Gutierrez, J. M.
    CSIC Univ Cantabria, Inst Fis Cantabria, Santander, Spain.
    Haas, C.
    York Univ, Earth & Space Sci & Engn, Toronto, ON, Canada;Alfred Wegener Inst, Bremerhaven, Germany.
    Hagos, S.
    Pacific Northwest Natl Lab, FCSD ASGC Climate Phys Grp, Richland, WA USA.
    Hahn, Sebastian
    Haimberger, Leo
    Univ Vienna, Dept Meteorol & Geophys, Vienna, Austria.
    Hall, Brad D.
    Halpert, Michael S.
    Hamlington, Benjamin D.
    Old Dominion Univ, Ctr Coastal Phys Oceanography, Norfolk, VA USA.
    Hanna, E.
    Univ Sheffield, Dept Geography, Sheffield, S Yorkshire, England.
    Hanssen-Bauer, I
    Norwegian Meteorol Inst, Blindern, Oslo, Norway.
    Hare, Jon
    NOAA NMFS Northeast Fisheries Sci Ctr, Woods Hole, MA USA.
    Harris, Ian
    Univ East Anglia, Natl Ctr Atmospheric Sci, Norwich, NY USA;Univ East Anglia, Climatic Res Unit, Sch Environm Sci, Norwich, NY USA.
    Heidinger, Andrew K.
    NOAA NESDIS STAR Univ Wisconsin Madison, Madison, WI USA.
    Heim, Richard R., Jr.
    NOAA NESDIS Natl Ctr, Asheville, NC USA.
    Hendricks, S.
    Alfred Wegener Inst, Bremerhaven, Germany.
    Hernandez, Marieta
    Climate Ctr, Inst Meteorol, Havana, Cuba.
    Hernandez, Rafael
    Inst Nacl Meteorol & Hidrolog Venezuela, Caracas, Venezuela.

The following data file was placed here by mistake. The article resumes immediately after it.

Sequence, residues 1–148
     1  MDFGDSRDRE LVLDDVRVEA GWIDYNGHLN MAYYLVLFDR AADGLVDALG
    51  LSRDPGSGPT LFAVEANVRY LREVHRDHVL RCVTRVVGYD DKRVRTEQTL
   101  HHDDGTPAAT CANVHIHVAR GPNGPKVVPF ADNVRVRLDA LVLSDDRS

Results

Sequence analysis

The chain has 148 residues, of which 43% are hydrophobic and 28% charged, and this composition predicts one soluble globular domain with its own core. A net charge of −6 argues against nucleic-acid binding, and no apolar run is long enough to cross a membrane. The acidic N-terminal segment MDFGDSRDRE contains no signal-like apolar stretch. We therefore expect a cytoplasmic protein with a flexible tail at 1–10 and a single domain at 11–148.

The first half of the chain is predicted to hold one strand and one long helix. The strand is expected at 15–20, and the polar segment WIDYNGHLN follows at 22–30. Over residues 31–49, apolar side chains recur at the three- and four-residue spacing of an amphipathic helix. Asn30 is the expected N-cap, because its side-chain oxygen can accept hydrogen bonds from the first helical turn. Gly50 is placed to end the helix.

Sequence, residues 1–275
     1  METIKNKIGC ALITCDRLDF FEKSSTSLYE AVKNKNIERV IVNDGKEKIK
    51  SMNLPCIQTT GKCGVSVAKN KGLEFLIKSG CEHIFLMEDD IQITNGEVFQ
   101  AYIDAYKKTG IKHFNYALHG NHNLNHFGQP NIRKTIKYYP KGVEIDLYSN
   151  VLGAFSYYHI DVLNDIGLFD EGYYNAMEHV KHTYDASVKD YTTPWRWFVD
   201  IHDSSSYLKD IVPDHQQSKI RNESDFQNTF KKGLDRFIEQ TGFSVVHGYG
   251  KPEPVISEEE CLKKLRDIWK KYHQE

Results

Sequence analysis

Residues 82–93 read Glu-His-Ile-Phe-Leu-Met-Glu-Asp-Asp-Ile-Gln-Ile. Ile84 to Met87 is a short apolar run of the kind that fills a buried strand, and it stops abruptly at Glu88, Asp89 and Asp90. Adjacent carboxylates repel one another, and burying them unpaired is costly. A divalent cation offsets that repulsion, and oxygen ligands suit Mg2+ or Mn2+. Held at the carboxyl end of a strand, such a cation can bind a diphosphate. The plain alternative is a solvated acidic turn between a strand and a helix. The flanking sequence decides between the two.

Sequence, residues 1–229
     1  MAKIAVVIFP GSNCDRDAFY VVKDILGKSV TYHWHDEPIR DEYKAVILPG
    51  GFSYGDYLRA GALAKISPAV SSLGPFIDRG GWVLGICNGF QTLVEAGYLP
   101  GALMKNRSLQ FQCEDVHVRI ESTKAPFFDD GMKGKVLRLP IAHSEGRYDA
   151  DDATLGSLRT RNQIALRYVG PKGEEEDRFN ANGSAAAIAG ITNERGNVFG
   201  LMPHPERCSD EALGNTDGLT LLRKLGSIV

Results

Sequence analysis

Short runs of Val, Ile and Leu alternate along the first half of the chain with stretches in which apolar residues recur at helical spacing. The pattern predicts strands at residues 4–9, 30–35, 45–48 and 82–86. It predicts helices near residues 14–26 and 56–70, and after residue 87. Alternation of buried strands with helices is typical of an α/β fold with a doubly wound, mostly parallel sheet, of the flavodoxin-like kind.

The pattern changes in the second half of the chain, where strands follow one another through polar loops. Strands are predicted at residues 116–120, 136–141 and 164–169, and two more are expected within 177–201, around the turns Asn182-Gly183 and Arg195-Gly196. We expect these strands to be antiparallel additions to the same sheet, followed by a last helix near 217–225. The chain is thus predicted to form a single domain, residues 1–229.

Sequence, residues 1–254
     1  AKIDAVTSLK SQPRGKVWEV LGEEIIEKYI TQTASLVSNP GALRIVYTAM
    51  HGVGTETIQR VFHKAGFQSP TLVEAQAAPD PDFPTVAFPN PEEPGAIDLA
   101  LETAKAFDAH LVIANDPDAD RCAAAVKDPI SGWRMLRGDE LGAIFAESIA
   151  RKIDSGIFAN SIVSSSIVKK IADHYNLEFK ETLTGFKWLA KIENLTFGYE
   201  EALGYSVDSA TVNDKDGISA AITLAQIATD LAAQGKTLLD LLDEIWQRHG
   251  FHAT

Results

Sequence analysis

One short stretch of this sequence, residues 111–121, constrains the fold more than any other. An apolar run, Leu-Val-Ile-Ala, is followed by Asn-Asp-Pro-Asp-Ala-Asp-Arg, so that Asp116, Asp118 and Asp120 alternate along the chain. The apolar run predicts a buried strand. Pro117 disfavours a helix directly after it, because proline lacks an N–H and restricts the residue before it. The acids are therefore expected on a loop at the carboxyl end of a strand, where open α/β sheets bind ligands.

Hidalgo, Hugo G.
    Ho, Shu-peng
    Univ Corp Atmospheric Res, COSMIC Project Off, Boulder, CO USA.
    Hobbs, William R.
    Univ Tasmania, Antarctic Climate & Ecosystems, Hobart, Australia.
    Huang, Boyin
    Huelsing, Hannah K.
    SUNY Albany, Albany, NY USA.
    Hurst, Dale F.
    Ialongo, I.
    Finnish Meteorolog Inst, Helsinki, Finland.
    Ijampy, J. A.
    Nigerian Meteorol Agcy, Abuja, Nigeria.
    Inness, Antje
    European Ctr Medium Range, Reading, Berks, England.
    Isaksen, K.
    Norwegian Meteorolog Inst, Oslo, Norway.
    Ishii, Masayoshi
    Japan Meteorolog Agcy, Climat Res Dept, Meteorolog Res Inst, Tsukuba, Ibaraki, Japan.
    Jevrejeva, Svetlana
    Jimenez, C.
    Estellus, Paris, France;PSL Res Univ, LERMA, Observatoire Paris, Paris, France.
    Xiangze, Jin
    John, Viju
    Met Off Hadley Ctr, Exeter, Devon, England;EUMETSAT, Darmstadt, Germany.
    Johns, William E.
    Rosenstiel Sch Marine & Atmospher Sci, Miami, FL USA.
    Johnsen, B.
    Norwegian Radiat Protect Authority, Osteras, Norway.
    Johnson, Bryan
    NOAA OAR Earth System Res Lab, Global Monitoring Div, Boulder, CO USA;Univ Colorado Boulder, Boulder, CO USA.
    Johnson, Gregory C.
    Johnson, Kenneth S.
    Monterey Bay Aquarium Res Inst, Moss Landing, CA USA.
    Jones, Philip D.